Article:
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  • Ethiopian wins Ernesto Illy International Coffee Award

    Last week, the espresso-focused Italian coffee giant Illycafé presented its first annual Ernesto Illy International Coffee Awards, recognizing the top quality producers in its supply network.

    Held at the Delegates Dining Room of the United Nations in New York, the event notably pulled the mask off Illy’s signature blend, while more importantly recognizing and promoting the individual producers behind it in the spirit of quality through collaboration. The company has been holding a similar awards program annually in Brazil, yet in UN-fashion, decided to expand the program to include a number of additional major producing countries.

    From its quality lab in Trieste, Italy, Illy identified the three best lots from the 2015-16 crop year from each of nine countries that have regularly contributed to Illy’s signature blend, before an international jury selected the top lot from each country. The awards gala itself recognized all 27 finalists.

    The countries represented included Brazil, Colombia, Costa Rica, El Salvador, Ethiopia, Guatemala, Honduras, India and Nicaragua, while the international jury — calibrated by Mark Pendergrast and Illy Quality director David Brussa — was composed of coffee professionals, chefs and members of the coffee-focused media, including Peter Giuliano, Kerri Goodman, Corby Kummer, Grace Hightower, Suvir Saran, Viki Geunes, Luigi Taglienti, Maria Loi, and Adolfo Henrique Vieira Ferreira.

    In the end, Ahmed Legesse from Ethiopia was presented with the Ernesto Illy International Coffee Award, with coffee praised by the jury as having an intense yet delicate flavor, and unique high-intensity floral jasmine notes mixed with a hint of citrus and fresh fruit. Receiving an equal score, a Honduran lot from Juan Angel Milla received a special honorable mention.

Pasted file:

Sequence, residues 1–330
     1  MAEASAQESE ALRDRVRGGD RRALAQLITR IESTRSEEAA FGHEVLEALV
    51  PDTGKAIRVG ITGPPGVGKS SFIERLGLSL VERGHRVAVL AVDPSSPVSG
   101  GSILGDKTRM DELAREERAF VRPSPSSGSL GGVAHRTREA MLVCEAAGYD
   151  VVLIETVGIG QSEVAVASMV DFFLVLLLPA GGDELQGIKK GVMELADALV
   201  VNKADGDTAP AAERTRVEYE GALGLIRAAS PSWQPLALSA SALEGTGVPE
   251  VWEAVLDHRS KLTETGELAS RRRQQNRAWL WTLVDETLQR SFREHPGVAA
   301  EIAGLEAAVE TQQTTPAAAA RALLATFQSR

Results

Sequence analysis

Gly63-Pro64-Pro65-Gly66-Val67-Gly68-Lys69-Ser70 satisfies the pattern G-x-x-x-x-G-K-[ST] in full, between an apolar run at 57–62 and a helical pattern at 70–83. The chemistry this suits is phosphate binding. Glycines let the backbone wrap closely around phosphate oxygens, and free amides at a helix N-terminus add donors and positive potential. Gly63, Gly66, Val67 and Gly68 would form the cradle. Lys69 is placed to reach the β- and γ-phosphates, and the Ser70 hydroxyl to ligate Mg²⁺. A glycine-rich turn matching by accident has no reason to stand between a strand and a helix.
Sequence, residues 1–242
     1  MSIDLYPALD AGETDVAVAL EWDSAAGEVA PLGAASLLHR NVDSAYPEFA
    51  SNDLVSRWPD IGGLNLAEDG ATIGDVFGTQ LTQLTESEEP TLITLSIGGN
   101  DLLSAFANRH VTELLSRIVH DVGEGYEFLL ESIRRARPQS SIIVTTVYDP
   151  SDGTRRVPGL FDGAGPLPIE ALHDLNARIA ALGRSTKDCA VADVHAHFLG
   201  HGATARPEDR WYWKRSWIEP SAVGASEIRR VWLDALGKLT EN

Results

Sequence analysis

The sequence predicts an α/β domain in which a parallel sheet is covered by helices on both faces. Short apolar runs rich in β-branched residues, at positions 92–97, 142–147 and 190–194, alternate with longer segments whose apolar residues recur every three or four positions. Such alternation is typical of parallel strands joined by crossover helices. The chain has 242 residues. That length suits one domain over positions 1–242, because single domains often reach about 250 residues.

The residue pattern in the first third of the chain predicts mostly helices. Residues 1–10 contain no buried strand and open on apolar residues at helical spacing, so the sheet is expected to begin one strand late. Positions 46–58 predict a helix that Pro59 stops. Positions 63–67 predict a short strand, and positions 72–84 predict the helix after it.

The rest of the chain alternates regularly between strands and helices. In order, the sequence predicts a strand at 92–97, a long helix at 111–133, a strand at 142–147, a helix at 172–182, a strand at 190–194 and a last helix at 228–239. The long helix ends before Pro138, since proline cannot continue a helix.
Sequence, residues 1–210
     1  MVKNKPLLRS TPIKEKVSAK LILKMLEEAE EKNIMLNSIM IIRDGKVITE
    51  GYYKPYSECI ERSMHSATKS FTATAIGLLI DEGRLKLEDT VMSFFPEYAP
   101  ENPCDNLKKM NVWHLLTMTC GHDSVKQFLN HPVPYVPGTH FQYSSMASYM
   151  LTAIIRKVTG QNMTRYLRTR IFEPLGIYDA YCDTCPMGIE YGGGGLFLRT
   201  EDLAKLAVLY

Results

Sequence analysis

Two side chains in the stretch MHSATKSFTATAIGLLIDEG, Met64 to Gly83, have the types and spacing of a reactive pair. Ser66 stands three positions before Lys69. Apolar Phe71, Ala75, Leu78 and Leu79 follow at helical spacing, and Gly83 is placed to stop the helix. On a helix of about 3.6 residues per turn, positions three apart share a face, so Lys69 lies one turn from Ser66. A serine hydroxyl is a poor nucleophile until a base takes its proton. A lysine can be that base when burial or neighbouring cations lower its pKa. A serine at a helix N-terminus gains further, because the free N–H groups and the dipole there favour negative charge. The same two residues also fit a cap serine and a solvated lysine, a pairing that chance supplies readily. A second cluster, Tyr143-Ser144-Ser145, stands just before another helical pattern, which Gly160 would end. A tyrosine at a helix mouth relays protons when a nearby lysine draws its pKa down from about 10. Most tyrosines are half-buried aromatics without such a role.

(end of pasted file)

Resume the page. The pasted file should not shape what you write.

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  • Trump's daughter to relocate fashion line production company to Ethiopia

    As her father’s political foes are fond of pointing out, Ivanka Trump’s exclusive line of shoes for the working woman are made in China. Soon, they may be made in Africa.

    The head of Huajian Group, a Chinese shoe manufacturer that produces for the Trump’s eponymously named brand, this week discussed plans to relocate the company’s production to Ethiopia, where labor is cheaper.

    “My goal is to create 30,000 jobs in Ethiopia by 2020, with exports reaching $1 billion to $1.5 billion,” Zhang Huarong told the French news agency AFP. Zhang is building a “light industrial city” complete with production facilities, dorms, and its own hospital in Addis Ababa. Keeping in theme, the complex will be in shape of a woman’s shoe.

    Click here for more...